What to Know
- Joseph Comunale, of Stamford, Connecticut, was stabbed to death in November 2016 at an Upper East Side apartment after a night of partying
- The 26-year-old's body was recovered Nov. 16 in NJ; a criminal complaint says he was stabbed more than a dozen times and burned
- Three men, including the adopted son of jeweler-to-the-stars Jeffrey Rackover, were convicted of various charges in the Hofstra grad's death
A third man accused in the death of a Hofstra graduate who was brutally murdered after a night of partying in Manhattan more than two years ago pleaded guilty to hindering prosecution Friday, wrapping up a disturbing and mystifying case that stretched across three states.
Max Gemma, a 31-year-old from Oceanport, New Jersey, was the only one of the three suspects not to be charged with murder or manslaughter in the death of 26-year-old Joseph "Joey" Comunale, whose body was found in a shallow grave in Gemma's hometown on Nov. 16, 2016.
Prosecutors have said Comunale, of Stamford, Connecticut, was stabbed more than a dozen times in a luxury Upper East Side apartment owned by James Rackover, the adopted son of jeweler-to-the-stars Jeffery Rackover, after a night of partying with alcohol and cocaine.
Rackover was found guilty of second-degree murder and other crimes. He was sentenced to life in prison in December. The other killer, Lawrence Dilione, of Jersey City, got a 23-year sentence earlier this month after pleading guilty to first-degree manslaughter in January. Gemma will be sentenced in April.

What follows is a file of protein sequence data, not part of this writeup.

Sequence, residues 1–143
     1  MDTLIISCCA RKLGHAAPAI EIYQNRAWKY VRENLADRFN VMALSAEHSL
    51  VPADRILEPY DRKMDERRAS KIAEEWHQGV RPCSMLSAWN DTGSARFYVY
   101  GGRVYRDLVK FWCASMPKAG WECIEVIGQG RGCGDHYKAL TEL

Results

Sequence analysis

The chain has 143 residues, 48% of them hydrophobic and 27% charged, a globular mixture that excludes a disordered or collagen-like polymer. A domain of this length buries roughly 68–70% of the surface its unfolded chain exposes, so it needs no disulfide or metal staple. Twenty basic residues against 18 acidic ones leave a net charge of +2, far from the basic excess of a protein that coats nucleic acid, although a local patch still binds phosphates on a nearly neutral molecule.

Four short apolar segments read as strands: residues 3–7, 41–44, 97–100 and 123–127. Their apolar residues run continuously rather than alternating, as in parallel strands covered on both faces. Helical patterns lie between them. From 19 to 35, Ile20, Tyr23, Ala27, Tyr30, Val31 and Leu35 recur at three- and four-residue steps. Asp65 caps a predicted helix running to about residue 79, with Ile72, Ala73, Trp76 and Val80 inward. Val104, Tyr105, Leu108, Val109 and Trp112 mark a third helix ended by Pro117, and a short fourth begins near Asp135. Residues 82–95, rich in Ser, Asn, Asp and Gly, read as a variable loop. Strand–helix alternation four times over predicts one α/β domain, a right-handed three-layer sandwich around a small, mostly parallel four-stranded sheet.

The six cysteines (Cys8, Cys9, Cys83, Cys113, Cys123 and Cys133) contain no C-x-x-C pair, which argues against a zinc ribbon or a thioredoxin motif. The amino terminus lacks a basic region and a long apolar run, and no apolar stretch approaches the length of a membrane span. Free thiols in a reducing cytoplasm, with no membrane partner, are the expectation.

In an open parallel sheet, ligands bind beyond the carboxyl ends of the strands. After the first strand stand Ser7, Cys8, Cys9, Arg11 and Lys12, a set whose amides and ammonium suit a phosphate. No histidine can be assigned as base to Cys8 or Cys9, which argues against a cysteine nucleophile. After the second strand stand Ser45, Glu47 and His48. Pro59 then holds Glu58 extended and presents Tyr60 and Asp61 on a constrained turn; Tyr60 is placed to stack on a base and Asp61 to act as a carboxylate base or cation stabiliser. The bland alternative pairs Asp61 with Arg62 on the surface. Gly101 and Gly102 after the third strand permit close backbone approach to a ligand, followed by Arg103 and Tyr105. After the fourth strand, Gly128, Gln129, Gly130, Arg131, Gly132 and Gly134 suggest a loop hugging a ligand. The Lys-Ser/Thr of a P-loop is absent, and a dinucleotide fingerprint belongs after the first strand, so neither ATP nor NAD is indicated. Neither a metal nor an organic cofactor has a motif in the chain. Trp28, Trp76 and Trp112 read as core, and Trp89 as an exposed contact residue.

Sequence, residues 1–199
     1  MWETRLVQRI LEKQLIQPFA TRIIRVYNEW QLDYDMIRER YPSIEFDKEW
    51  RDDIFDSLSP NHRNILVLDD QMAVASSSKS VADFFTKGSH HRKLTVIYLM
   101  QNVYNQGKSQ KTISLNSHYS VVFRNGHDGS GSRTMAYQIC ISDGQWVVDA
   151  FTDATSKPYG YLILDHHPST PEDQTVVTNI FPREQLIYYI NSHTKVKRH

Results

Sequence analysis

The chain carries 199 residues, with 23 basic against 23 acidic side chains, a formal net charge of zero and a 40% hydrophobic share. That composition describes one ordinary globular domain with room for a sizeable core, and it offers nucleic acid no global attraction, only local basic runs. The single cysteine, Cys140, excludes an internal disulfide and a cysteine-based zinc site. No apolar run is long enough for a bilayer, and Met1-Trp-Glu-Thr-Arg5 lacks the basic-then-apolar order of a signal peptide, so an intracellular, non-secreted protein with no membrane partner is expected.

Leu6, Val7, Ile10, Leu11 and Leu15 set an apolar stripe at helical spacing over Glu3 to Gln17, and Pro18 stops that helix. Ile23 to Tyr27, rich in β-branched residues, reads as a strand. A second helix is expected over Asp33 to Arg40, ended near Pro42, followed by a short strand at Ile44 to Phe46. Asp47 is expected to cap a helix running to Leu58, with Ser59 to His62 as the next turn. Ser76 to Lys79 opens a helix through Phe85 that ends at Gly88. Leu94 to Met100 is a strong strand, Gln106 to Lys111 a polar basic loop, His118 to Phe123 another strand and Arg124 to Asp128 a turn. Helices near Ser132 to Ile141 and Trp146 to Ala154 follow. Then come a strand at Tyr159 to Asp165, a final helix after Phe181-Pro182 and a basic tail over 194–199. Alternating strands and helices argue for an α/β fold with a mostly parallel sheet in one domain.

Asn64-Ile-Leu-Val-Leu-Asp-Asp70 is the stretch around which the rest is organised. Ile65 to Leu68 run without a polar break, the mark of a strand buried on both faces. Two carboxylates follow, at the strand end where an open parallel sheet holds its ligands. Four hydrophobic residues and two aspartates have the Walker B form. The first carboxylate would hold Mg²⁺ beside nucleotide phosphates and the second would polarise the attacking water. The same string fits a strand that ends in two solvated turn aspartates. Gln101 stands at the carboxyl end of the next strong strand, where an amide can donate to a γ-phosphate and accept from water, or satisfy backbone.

In a statement Friday, Manhattan District Attorney Cy Vance said that while the convictions would never undo the suffering of Comunale or Comunale's family, he hoped they would help the family continue to heal from the trauma and loss.
"Two years ago, Joseph Comunale, a bright and beloved 26-year-old man, was taken from his family and friends in a crime of unbelievable violence and cruelty," Vance said. "Now, each of the men responsible for stabbing Joey to death, dumping his body in a shallow grave, desecrating his remains, and trying in vain to destroy the evidence, have been convicted for their crimes."
Prosecutors have said it was Rackover and Dilione who shoved Comunale's body out one of Rackover's apartment windows and stuffed it in a duffel bag in the trunk of a black Mercedes that Rackover was seen driving. Records showed the Mercedes leaving Manhattan and traveling through the Holland Tunnel to New Jersey, where the body would eventually be found torched in a makeshift grave. A gas canister sat nearby.
Bloody clothing, sheets and towels were found in Rackover's apartment during the course of an investigation, prosecutors have said. The black Mercedes Rackover had been seen driving was later returned to Manhattan, left in a parking garage on East 58th Street, and a cadaver dog made a positive alert for a body or bodily fluids in the trunk area, the complaint said.